Here we are, trapped in the head of a person who fears and fears. She may be the fiftieth identity of her body, akin to Maxine Carr as we imagine her, or she may be a person who knows about Maxine Carr the way she knows about the children of Josef Fritzl, from the BBC radio. Trauma can feel like the world is full of thorns, with mind recoiling in pain, twisting blindly trying to escape a diffused, generalised pain. In the play, we are on a short circuit in this woman's psyche, going back and forth without a solution, experiencing her fear as the fragments of two stories collide in her confused, anxious mind, splinter and crack and form strange constellations without a great deal of logic. To an extent, she is struck by these stories the same way we are. There are some primordial anxieties here: doubt in the basic integrity of a person we share a life with, de-stabilization of identity, being locked up in the dark. Any of them, experienced directly, would suffice for a lifelong trauma: there could be any trigger for this nightmare we are in. But we are in it with her, as she is struggling to regain the coordinates of her sane self. To deploy a whole array of horror technicalia, to keep us barely breathing, is not merely a decoration: it is fundamental to the purpose of the piece. If we are to understand what it is like to live in a world where small things, BBC radio, can trigger agonising episodes of existential doubt, despair, hysterical fear, how else? None of the characters moonwalking on stage, thus, are as important as the overwhelming fright: that is the resting point for our empathy.
We are quick to praise vivid presentations of human mind in literature, with its free association, illogic, compelling yet utterly irrational reasoning. When Ana Karenina falls out of love with her husband because she notices his ears are hairy, we sigh at the bright colours of this life-like conclusion. I cannot escape the feeling, however, that the same logical organisation in theatre, especially when presented predominantly in image and sound (without the authority of words), is viewed as suspicious, less dignified, somehow pulp. As if we have let ourselves be seduced by an old, unhygienic hooker. As if feeling with the protagonist of the play is not honourable enough: we ought to think profound thoughts, too.
A WORD ON THE PRESENTATION. Within the threadbare framework of pre-post-dramatic theatre (to tell a story, to involve an audience, to make us feel with rather than think of), I believe Neilson has found a place that is genuinely new. It is worth noting that, two weeks on and numerous post-dramatic plays under the belt, I can still recall Relocated in fine detail.
This is what I believe happens. The constant edge-of-the-seat horror sharpens our senses, makes the audience thoroughly attentive, receptive to the tiniest details of what goes on. The mise-en-scene, an ugly black thing with only the barest traces of set objects, amplifies the actions, sounds and images like a resonance chamber; the actors are so few, the dialogue so sparse, the entire play based on such a limited vocabulary that nothing is superfluous. Our űberspannt audience absorbs it all: the circular logic of the story, the elliptic narrative, the unsaid and the suggested. The moment we walk out, and ostensibly calm down, the elements of the story almost immediately start coming together. (How much of the meaning is spelled out too strongly is a question for whoever was intimate with the Maxine Carr story a priori. For this viewer, there was just enough logic to keep it one piece until the train crash that the last few moments were.)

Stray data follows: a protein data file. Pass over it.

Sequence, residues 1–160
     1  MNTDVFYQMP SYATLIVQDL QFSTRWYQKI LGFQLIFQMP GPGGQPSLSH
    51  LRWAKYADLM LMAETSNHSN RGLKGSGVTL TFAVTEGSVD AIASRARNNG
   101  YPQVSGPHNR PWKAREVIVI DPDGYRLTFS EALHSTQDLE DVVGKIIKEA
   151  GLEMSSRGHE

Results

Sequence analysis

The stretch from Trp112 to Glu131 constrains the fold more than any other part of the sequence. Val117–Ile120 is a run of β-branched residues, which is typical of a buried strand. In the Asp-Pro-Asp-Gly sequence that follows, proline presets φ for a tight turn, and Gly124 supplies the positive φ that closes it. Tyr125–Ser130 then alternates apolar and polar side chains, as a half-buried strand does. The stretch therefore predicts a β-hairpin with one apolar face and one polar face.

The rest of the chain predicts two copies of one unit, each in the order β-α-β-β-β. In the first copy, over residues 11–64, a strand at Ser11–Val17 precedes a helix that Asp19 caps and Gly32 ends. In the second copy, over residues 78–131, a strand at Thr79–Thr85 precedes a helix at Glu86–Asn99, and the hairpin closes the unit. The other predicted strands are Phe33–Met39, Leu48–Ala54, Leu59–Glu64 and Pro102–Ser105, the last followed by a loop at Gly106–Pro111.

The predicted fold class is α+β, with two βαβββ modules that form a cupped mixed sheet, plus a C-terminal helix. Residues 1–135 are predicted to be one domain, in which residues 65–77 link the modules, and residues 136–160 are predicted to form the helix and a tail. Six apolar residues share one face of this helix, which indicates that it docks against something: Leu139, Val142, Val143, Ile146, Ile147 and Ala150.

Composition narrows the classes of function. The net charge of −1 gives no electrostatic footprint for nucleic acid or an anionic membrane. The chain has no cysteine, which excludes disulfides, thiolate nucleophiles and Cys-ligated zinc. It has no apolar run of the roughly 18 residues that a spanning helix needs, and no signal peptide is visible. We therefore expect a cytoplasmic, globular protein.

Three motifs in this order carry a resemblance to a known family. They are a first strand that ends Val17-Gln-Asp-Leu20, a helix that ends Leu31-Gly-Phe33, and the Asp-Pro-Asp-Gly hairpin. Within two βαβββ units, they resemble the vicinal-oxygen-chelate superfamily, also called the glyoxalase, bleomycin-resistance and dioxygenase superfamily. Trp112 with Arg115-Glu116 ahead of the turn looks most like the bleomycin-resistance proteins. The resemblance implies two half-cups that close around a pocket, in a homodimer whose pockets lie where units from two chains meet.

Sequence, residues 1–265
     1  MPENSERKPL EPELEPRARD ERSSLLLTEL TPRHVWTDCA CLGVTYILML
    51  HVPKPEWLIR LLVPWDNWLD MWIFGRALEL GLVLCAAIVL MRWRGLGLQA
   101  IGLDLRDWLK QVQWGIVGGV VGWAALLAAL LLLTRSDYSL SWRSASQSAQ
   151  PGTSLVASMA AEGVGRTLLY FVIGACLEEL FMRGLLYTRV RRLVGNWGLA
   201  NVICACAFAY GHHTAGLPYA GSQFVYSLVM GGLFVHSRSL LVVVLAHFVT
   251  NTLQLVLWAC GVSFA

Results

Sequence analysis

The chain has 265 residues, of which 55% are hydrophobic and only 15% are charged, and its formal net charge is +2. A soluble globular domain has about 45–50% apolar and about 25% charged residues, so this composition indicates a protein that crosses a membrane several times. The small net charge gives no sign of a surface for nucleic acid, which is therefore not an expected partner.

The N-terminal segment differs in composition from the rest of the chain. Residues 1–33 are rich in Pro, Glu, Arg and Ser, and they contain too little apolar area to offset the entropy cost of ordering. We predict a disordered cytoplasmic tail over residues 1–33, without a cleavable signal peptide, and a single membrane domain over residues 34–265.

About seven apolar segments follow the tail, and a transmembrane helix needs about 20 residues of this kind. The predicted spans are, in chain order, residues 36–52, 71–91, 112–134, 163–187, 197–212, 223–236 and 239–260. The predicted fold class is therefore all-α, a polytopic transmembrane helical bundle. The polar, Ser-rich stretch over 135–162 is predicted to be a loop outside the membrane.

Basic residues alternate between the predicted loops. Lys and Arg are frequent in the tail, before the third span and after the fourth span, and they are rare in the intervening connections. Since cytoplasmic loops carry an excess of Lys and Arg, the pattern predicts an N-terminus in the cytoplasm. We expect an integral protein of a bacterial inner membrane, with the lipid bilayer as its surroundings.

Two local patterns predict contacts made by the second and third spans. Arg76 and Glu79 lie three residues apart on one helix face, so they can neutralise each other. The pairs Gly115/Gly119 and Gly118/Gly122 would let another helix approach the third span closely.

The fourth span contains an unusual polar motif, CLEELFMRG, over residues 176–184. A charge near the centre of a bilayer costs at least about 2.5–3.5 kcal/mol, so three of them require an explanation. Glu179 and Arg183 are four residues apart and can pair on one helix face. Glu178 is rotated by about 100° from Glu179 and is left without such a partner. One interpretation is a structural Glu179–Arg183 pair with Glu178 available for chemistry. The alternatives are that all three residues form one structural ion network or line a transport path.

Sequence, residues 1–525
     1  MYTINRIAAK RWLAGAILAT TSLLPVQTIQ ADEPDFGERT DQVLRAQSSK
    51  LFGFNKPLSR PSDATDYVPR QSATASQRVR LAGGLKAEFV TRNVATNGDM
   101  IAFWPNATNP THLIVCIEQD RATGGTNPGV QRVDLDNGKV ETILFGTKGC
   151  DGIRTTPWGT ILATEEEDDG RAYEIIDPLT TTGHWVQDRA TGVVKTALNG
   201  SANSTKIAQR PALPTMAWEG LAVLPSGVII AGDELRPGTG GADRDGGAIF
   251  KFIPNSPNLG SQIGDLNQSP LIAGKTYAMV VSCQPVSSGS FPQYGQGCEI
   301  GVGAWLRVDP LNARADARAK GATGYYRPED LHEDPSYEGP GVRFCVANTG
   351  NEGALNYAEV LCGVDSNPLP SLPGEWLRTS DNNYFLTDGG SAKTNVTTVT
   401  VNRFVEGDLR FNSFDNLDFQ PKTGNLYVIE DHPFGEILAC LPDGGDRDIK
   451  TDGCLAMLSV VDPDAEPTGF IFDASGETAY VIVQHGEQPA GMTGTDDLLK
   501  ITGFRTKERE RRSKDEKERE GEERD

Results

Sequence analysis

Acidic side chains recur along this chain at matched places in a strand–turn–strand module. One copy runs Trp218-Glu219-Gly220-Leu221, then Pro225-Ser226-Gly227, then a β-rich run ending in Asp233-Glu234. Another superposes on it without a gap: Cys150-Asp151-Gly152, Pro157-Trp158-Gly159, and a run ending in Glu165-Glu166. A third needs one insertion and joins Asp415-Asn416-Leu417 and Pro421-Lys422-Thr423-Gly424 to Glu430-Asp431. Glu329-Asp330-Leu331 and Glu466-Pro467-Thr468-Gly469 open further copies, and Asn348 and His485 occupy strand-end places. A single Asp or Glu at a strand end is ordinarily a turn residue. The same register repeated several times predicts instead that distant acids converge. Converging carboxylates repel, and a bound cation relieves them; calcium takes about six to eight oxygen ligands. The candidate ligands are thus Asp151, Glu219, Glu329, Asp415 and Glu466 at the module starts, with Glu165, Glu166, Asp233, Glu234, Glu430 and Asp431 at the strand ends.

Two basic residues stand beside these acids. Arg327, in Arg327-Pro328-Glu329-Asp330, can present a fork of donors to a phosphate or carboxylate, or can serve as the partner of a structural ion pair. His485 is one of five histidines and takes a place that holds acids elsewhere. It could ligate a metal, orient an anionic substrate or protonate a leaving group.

Neilson's writing/directing process (which reminds me of Lally Katz) creates a piece where the actors, the lines, the space, and the moment in time are very carefully matched. In a world without ensembles, this coordination is becoming increasingly rare; and merely a few days earlier I had witnessed a production in which loose ends of the text were flapping wide open like rags, disregarding the cynical audience, the moment in history, its own actors. Relocated is a psychological spectacle, of course, with no subversive openings, just like Random Dance's Entity is an intellectualized spectacle. But it is a sensuous and emotionally rich spectacle.
CODA. My one disappointment is that Neilson's other plays look even more interesting. Compared to Dissocia and Realism, Relocated seems a bit unimaginative, a bit flat. Another thing I have been wondering is whether the sense of horror will wear off, defiantly, with promotion and reviews and word of mouth. How long did Blair Witch Project remain the scariest film of them all, again? And fear, in this case, is the main emotional building block. Renounce the fear, and the key to the cathedral is lost.